from the OECD to emerging markets. And we must also acknowledge that we are working at the limits of our
• The Financial Crisis is asking us to question the role of the state and the role of the market. We need more
shared leadership to combine funds and skills to tackle poverty, which will require NGOs, Businesses and
International Financial Institutions to work together. Now the idea that companies can be a force for good
does not raise eyebrows as it once did.
• Since joining Standard Chartered, I worked hard to get involved with projects which will contribute towards
attainment of the MDGs.
• In Pakistan, we are trialling initiatives aimed at helping the “missing middle” to get access to finance. At one
end we have the poor, who can get concessional microfinance. At the other, there are those individuals and
firms who can get finance on commercial terms from banks. The groups in the middle, however, are left out.
Since 2006, we have been trying to use our networks to assemble funders together in order to provide
avenues for the missing middle, and to increase the skills and fundability of small enterprises. Also as part of
the initiative, we have conducted financial literacy programmes and contributed 3 million dollars to support
women’s business clubs.
• Standard Chartered has one of the best workplace programmes on Living with HIV, and share our approach
in this area for free with other corporates. We have also done a lot in terms of malaria and preventable
blindness. These initiatives are done for good business reasons. Our employees are our work engine and
having a healthy workforce that is well educated on HIV/AIDs matters is important for business stability.
The malaria and blindness initiatives have an enormous impact on involvement of our staff.
• Standard Chartered had a good year in Africa in 2008. It is well capitalised in Africa, and our involvement in
Africa has been one of our strengths in the downturn. Even the IMF’s calculations show that Africa’s growth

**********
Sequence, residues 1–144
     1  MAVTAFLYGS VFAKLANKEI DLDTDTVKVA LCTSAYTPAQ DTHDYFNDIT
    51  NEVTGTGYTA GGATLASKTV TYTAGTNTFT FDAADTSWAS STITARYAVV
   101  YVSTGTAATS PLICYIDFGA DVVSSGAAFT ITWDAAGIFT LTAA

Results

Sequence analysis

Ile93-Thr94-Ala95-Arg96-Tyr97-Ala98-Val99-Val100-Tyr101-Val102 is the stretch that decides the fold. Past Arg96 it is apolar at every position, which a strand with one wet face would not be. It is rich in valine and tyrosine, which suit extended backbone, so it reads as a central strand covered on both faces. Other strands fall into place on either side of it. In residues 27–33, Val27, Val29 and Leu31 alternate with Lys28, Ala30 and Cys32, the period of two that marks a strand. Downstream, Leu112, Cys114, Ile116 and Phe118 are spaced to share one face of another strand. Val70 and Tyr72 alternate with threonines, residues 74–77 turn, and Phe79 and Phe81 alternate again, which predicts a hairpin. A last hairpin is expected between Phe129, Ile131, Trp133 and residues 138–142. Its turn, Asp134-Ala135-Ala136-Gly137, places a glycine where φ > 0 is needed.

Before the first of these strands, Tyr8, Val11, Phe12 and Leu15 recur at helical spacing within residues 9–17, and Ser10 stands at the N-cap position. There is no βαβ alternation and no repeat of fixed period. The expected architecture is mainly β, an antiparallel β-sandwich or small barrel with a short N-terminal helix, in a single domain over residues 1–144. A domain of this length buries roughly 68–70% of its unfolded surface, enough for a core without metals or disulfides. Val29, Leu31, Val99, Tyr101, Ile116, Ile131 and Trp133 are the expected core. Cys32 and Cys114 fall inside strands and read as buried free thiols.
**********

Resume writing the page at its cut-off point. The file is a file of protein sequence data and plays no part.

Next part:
prospects are double that of the global economy.
• Overall Standard Chartered supports the role of the private sector in development and look forward to
engaging more in this area.
Address by Dame Barbara Stocking
• During this global downturn, it is those parts of emerging markets that produce for OECD markets, or that
are involved in supply chains connected to global markets that have not been doing so well.
• The ILO estimates that 20 million people will lose their jobs in 2009.
• It is estimated that remittances to the developing world will decrease by a quarter of a trillion this year, and
there will be a significant decline in FDI. Both of which will affect developing countries.
• People ask why should the Private Sector be interested in developing countries? It is because the people in
them are the future markets.
• However, business need to be based in developing countries for the long term and embed themselves in
order to be successful.
• Oxfam were involved in doing a poverty footprint for Unilever in Indonesia. The long‐term commitment of
Unilever was key to its impact ‐ it was there before, during and after the Asian Financial Crisis. It was a win‐
win situation. Unilever and the local economy benefited from the on‐going commitment. On the production
side, this was clearly positive. On the consumer side, we had more trouble with the small packets of
products sold: although they were more affordable to cash‐strapped consumers, they were also more
expensive in terms of price for weight.
• Our work also suggests that Smallholder Agriculture is a challenging area for poor farmers to access global
markets. The private sector wants to buy products which are of a guaranteed quality and produced on a
timely basis, which often makes smallholders a less reliable source to buy from.
• Smallholders need access to finance, land rights, capacity to improve production and quality, and often
ability to organise themselves to they can sell in volume.
• We have found a need for an intermediary, and Oxfam has played this role by helping communities come
together to form cooperatives, and by facilitating cooperation between Communities, NGOs and Business.